Overview

AMBROSETTI CLUB ECONOMIC INDICATOR

Has the Italian freight car become decoupled (permanently) from the European locomotive?

From the preliminary estimates for the first three quarters of the year, 2019 would seem headed towards 0 growth.

Has the Italian freight car become decoupled (permanently) from the European locomotive?

Although still positive overall, economic growth is slowing across the globe. The economic cycle currently underway is one of the longest in history. The group of OECD countries has grown uninterruptedly for 27 quarters and only 13 more are required for the current growth phase to become the second longest of all time.

Nonetheless, the International Monetary Fund has lowered once again its forecast for the worldwide growth rate in 2019. In April, it was +3.9, revised to +3.7 in October and further lowered to +3.5 in the most recent forecast in January. Similar signs of slowdown were seen in the Eurozone. In its Fall release, the European Commission forecast a +1.9-growth level in 2019, later lowered to +1.3 in the Winter release. Germany is stagnant (quarterly growth at -0.2 for the third quarter 2018 and 0 in the fourth) and France is in difficulty (growth at +0.3 in both the third and fourth quarters). The only country that seems to have avoided the sudden slow-down is Spain, which in 2018 grew by 2.6%.

As I wrote in my previous article in this publication, “if the world economy slows down, Italy stops”, and this seems to be what is happening. The 2019 growth forecasts issued by various international organizations for Italy range from +0.6 (International Monetary Fund) to -0.2% (OECD), the only country with a negative growth outlook. If GDP growth in 2019 proves to be in line with the OECD forecasts, even with a deficit equal to 2% of GDP, the debt/GDP ratio would rise to 134.3%. This macroeconomic situation would thus require corrective action totaling over €30 billion to stabilize the debt/GDP ratio at the 2018 level, including for the current year.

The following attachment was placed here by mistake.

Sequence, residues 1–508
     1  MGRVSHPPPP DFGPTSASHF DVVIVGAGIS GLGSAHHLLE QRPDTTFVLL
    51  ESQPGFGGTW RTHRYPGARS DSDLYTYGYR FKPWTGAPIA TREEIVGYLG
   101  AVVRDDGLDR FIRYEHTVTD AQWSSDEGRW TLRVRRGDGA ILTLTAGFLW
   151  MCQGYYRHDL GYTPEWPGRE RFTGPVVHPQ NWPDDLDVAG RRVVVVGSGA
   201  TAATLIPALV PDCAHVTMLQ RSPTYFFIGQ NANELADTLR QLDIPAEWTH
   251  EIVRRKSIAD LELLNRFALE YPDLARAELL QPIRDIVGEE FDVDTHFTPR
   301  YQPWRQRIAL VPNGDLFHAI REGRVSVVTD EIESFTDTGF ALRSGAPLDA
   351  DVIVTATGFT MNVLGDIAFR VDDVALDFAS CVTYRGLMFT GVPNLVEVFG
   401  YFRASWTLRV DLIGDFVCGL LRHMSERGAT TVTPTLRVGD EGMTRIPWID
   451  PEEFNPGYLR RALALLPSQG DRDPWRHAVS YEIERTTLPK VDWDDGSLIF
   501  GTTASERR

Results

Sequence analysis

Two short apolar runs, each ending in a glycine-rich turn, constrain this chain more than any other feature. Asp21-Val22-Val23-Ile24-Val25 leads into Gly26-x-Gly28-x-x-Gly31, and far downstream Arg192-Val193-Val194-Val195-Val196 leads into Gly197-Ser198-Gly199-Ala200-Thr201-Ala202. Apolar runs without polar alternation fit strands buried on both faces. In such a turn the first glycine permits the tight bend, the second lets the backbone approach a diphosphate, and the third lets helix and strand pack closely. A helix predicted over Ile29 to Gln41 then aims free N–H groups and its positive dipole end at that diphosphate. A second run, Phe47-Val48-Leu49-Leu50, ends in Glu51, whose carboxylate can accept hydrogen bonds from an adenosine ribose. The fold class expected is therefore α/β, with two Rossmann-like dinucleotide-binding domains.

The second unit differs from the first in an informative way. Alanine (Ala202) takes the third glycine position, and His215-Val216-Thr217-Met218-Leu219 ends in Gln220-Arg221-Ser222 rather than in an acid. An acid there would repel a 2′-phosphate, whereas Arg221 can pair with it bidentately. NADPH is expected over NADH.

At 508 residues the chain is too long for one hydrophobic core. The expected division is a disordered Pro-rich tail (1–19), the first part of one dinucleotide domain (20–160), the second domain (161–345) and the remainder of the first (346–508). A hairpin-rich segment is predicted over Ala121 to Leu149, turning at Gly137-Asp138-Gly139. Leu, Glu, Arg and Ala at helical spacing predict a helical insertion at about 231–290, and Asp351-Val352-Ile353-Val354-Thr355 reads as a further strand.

The Ambrosetti Club Economic Indicator is a set of indicators assembled on the basis of ad hoc surveys carried out every three months among the business community by The European House – Ambrosetti (the no. 1 private think tank in Italy and one of the top 10 in Europe). It contacts over 350 entrepreneurs, CEOs and other leading executives representing the top management of leading Italian companies and multinationals operating in Italy and provides, six months in advance, a forecast of the trend in GDP with a margin of error of 0.1%.

From the preliminary estimates for the first three quarters of the year, 2019 would seem headed towards 0 growth.

In fact, the Ambrosetti Club Economic Indicator presents a climate of lack of trust. The current business environment indicator shows a worsening for the fourth consecutive quarter and, for the first time since the creation of the indicator, is negative, a reflection of pessimistic sentiment. Please note that the indicator operates on a scale from -100 (totally negative expectations) to +100 (totally positive expectations). The Indicator also registers the largest drop from one quarter to the next, with a negative variation of 21.8 points. The Indicator has been worsening steadily since December 2017, with an acceleration in the decrease between the second and third quarters of 2018.

Assessment of the current business environment – March 2019: -6.8